User research | User interviews | Describing personas and scenarios | User stories & journeys | Competitive analysis | Feature analysis | User flows | Rapid sketches (low) | Wireframes (mid) | Digital prototyping (mid/hi) | External usability testing | Versioning | Illustration
User stories & journeys
Rapid sketches (low)
Digital prototyping (mid/hi)
External usability testing
About Opensignal Ltd.
Opensignal’s mission is to reveal the truth about the user experience on major network operators around the globe, by measuring and applying scientific analysis to billions of on-device measurements.
Their data is crowdsourced thanks to users of the Opensignal app, which at the moment I write this case study, has over 20 million downloads and a 4.2-star rating on Google Play.
Starring: Malgo as a designer, teamed up with Teresa as a product manager
Problems and challenges
People download the app for its functionalities, but the retention rate is low.
👉 To design to gather more data: by answering user needs, increase the number of speed tests, background tests, user count and retention.
As a company, Opensignal went through a rebranding while the app didn’t.
👉 The app should be more sound instead of geeky; align the visual communication with the company strategy.
👉 The app could become a medium, promoting Opensignal Ltd. as the indisputable Gold Standard, with credible and innovative analytics.
New metrics to showcase coming together with new business directions.
👉 Allow scalability for upcoming metrics, like Video Testing, Voice Experience, and features that are recommended from the business point of view.
👉 Reduce problematic features and test ideas for new ones. Decrease usability problems and restructure outdated logic of the navigation.
The final design is expected to set up the direction, while development would be completed in several rounds, step by step.
Critique of the Opensignal App
We lose lots of users in the sea of difficulties they face from start.
The existing Opensignal app delivers useful functionalities, however, is lacking intuitiveness. The onboarding process doesn’t help to understand the purpose and logic of the app.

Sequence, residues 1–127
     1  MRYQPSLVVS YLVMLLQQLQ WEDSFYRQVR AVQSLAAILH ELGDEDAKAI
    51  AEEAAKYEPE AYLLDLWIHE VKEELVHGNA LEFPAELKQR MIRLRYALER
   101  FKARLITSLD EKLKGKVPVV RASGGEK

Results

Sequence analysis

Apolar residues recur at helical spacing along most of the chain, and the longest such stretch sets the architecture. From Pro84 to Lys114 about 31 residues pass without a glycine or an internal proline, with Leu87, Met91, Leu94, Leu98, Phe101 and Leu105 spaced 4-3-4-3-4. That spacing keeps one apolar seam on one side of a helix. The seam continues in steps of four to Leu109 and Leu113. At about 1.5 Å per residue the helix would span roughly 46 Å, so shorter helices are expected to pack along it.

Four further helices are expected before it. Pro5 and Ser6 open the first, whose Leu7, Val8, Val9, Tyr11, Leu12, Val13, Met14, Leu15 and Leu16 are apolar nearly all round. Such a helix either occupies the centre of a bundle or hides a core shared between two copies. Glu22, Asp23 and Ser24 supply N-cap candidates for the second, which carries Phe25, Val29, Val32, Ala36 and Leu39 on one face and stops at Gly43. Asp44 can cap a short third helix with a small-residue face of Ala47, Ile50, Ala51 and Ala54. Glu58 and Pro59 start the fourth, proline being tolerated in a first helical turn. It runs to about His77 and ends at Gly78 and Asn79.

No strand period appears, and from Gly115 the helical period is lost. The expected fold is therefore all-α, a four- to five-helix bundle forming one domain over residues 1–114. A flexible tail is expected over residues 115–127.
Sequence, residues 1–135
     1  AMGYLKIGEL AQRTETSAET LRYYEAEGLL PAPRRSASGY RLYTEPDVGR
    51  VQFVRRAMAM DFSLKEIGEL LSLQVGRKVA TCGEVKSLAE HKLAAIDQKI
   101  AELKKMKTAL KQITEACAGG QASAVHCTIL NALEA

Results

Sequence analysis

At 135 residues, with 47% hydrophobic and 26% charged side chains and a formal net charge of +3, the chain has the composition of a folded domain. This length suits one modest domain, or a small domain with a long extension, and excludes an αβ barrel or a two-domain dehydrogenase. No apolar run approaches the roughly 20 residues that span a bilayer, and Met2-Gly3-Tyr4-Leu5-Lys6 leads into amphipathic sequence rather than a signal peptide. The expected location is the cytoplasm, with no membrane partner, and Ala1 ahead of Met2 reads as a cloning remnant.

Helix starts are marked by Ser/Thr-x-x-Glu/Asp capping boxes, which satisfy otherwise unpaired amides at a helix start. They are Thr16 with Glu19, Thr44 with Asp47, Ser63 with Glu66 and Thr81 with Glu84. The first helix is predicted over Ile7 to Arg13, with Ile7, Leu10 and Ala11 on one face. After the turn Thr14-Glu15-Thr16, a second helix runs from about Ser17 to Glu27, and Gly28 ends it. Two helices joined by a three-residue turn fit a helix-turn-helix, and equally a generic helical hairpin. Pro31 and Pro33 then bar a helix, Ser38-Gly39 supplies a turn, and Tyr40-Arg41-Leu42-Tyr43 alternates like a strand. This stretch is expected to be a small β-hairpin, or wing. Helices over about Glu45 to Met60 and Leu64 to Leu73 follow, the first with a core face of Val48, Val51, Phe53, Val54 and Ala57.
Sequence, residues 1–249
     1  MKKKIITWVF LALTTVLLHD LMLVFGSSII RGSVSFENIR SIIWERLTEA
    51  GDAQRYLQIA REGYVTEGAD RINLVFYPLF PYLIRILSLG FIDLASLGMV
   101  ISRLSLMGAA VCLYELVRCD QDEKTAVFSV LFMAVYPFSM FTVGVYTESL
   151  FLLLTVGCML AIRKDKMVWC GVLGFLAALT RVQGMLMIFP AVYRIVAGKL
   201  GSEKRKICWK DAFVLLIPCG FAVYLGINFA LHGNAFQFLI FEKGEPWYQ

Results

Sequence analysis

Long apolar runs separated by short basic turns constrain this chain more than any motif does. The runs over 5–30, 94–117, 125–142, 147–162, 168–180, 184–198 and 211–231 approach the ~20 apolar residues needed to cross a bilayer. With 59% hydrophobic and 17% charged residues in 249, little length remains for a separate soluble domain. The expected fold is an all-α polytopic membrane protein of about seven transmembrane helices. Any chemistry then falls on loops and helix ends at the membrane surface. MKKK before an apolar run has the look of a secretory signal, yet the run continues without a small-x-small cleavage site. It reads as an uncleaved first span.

Some of the features attract users but don’t work correctly. Often people uninstall the Opensignal app and leave an unsurprisingly low rating. It’s a retention and reliability issue – a big one for a company that seeks to demonstrate scientifically correct data.
(based on Android 2019, Q1)
Available on desktop
As the starting point, we see six functionalities in one screen – bulky. Cell towers and Wifi buttons let travel into two different maps, but not the one displayed in the top-level nav under the map icon – this is the third map! Confusing.
Dashboard – Onboarding
Onboarding is hazy. The particular feature presented above seems not to work, and even the best explanation can’t help if this happens. It should be explained what the user can do to get this feature working.
Speed Test Tab
The speed test tab has a standard, safe look, but also… no personality. We will need to find space to showcase our new types of tests – like video or sound-focused tests. This screen might become the heart of the app!
Speed Test – Result
The speed test results are shown as a pop-up dialog, so there is no sense of a structured synthesis. They are expressed only by numbers, without any easy to grasp data representation. Very geeky. I didn’t get the desirable feel of an integrated, continuous flow.
I can see a value in the information provided, but I wouldn’t make any choice regarding changing my provider knowing only this data. Also, the pieces of information displayed in two separated screens are not handy – I can’t compare providers in one eye-blink.
Stats don’t deliver attractive information about network usage. Also, it’s not easy to understand what “Time by network type” means. The selection method is not handy. The app made 79 measurements, 15 minutes after I installed it. This might not seem beneficial to users, rather scary!
And what did our users have to say about the Opensignal app?
“Collects way too much information in exchange for almost no practical usage.”
“Coverage map useless when I zoom in to check my location. Frustrating”
“(…)it’s completely a bogus app … the details shown are absolutely wrong”
Can I pick other networks to check or just default network that I’m using?